As New Jersey continues to navigate the current COVID-19 health crisis, the sacrifices being made by front-line health and public safety workers cannot be overstated.

From the nurses and doctors who treat patients, to the EMTs, paramedics and firefighters who transport them, these men and woman put their own safety as risk to care for others.

There are no routine calls for New Jersey’s 36,000 police officers. Anyone they come in contact with could be infected. Corrections and sheriff’s officers as well as probation agents are dealing with their own dangerous situations.

FIRST RESPONDERS AND THE PANDEMIC: Thursday at 7 p.m., New Jersey 101.5 takes a special live look at the plight of first-respononders on the front lines of the novel coronavirus pandemic, and the resources available to help them through an extraordinary time. Listen Live on the 101.5 FM or the New Jersey 101.5 app. Join the conversation and ask your questions in a live chat at

The physical and emotional toll is unprecedented. Among these front-line workers, there are already signs of post-traumatic stress disorder. Even though these workers are in the health care and public safety field, trauma counselor Dr. Michael Bizzarro says many will not seek treatment. Some, he says, because they believe they are invincible and others because they fear the stigma of reaching out for help.

Bizzarro is among those experts we'll hear more from during Thursday's discussion.

Another fear is substance abuse. Some may turn to alcohol and/or drugs to help escape from the emotional trauma of dealing with so many sick and dying patients. For those in recovery, stress can trigger a relapse.

There is help available. In most cases it is anonymous, free and offered by those with a background dealing with first-responders.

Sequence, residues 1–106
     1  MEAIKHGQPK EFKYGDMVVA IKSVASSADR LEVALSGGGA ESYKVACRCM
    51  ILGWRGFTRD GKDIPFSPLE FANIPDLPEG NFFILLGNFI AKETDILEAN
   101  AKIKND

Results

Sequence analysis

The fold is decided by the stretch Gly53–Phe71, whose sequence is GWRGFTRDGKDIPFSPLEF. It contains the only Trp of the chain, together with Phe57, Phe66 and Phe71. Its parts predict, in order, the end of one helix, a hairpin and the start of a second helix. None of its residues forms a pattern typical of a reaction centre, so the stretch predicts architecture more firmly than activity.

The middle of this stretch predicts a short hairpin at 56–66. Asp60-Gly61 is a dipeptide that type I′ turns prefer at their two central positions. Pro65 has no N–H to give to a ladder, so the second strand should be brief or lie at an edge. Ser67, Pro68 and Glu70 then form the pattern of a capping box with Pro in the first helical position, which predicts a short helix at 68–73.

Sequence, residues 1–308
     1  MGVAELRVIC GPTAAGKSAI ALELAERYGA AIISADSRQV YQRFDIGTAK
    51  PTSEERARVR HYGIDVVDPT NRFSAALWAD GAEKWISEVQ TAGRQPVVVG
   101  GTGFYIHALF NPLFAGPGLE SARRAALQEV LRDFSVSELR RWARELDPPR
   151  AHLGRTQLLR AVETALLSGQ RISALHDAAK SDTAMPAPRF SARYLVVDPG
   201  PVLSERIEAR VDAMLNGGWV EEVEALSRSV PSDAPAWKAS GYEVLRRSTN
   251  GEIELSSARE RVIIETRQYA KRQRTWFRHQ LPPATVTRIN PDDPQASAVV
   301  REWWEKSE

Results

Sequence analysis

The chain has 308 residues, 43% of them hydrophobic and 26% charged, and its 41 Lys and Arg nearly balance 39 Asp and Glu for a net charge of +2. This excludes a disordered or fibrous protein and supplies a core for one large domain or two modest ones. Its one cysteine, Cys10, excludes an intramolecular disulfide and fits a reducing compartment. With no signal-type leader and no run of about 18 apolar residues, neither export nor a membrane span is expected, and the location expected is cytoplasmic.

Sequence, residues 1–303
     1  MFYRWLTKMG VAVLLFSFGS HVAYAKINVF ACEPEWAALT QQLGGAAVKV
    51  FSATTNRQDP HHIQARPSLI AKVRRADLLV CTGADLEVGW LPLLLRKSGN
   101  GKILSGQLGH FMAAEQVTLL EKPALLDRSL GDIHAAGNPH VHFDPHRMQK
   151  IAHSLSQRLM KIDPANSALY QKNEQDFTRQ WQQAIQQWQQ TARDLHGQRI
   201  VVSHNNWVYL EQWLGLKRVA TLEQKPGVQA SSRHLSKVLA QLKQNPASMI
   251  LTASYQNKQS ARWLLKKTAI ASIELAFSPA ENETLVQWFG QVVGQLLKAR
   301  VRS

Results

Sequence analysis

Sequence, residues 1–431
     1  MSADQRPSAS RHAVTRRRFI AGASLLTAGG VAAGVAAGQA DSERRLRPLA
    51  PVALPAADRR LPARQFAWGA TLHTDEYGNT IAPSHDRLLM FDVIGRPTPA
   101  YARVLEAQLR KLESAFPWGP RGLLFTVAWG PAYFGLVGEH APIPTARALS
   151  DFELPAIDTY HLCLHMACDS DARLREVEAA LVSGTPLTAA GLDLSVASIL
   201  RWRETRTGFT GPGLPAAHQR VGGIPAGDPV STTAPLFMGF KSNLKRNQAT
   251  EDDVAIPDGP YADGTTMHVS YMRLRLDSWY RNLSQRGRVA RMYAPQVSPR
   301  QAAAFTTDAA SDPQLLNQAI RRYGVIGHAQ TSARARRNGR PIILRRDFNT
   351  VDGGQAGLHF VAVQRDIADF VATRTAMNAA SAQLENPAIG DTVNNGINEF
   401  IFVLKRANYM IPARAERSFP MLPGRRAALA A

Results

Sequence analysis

If you or someone you know is in immediate crisis, call 9-1-1.

The New Jersey Suicide Hotline is: 855-654-6735

New Jersey runs what is known as the New Jersey Disaster Critical Incident Stress Response program to address the of high-risk rescuers and first-responders.
According to the program's website, it provides confidential mental health services for police, fire, emergency medical services, construction workers, mental health professionals and clergy. It's funded by the American Red Cross 9/11 Mental Health and Substance Abuse Program. Its providers are credentialed and trained in trauma and addictive behaviors, according to the program.

Its services are fully paid up to 12 sessions of psychotherapy for eligible individuals and/or couples.

The New Jersey Disaster Critical Incident Stress Response phone number is:  800-968-1242

The New Jersey State Health Department also offers a number of options:
Anyone in New Jersey can access help at

The state also offers three hotlines for those in crisis. The following are the descriptions as provided by the state:

Crisis Text Line: Connect with a crisis counselor, trained in active listening and collaborative problem solving, helping to defuse a “hot” moment or a crisis. 24 hours a day, 7 days a week. TEXT: "NJ" TO 741741

NJ Mental Health Cares Hotline: For emotional support dealing with stress, anxiety and depression due to COVID-19, speak with a behavioral care specialist at 866-202-HELP (4357) daily from 8 a.m. to 8 p.m. CALL: 866-202-HELP (4357)

NJ Hopeline —  24/7 Peer Support & Suicide Prevention Hotline: Tpecialists are available for confidential telephone counseling and support 24 hours a day, 7 days per week. You’re not alone … we are only a phone call away. CALL: 855-654-6735

For police officers and other in law enforcement, a number of options are available utilizing current or retired officers that have been specially trained to deal with those in the line of duty. They can help with stress, PTSD, substance abuse, suicide or other issues that may arise in the line of duty.

New Jersey’s Cop2Cop hotline is staffed 24/7 and is available to officers, spouses, partners, children, and friends. Call: 866-Cop2Cop (866-267-2267)

There is also a national police hotline staffed 24/7 with former law enforcement officers. Call: 800-COPLINE (1-800-267-5463)

The New Jersey Fireman’s Benevolent Association offers support and peer services through a dedicated team of firefighters able to assist firefighters in coping with the emotional fallout of a disaster or traumatic event. It does not have a 24/7 hotline, but services can be accessed by calling 732-499-9250.

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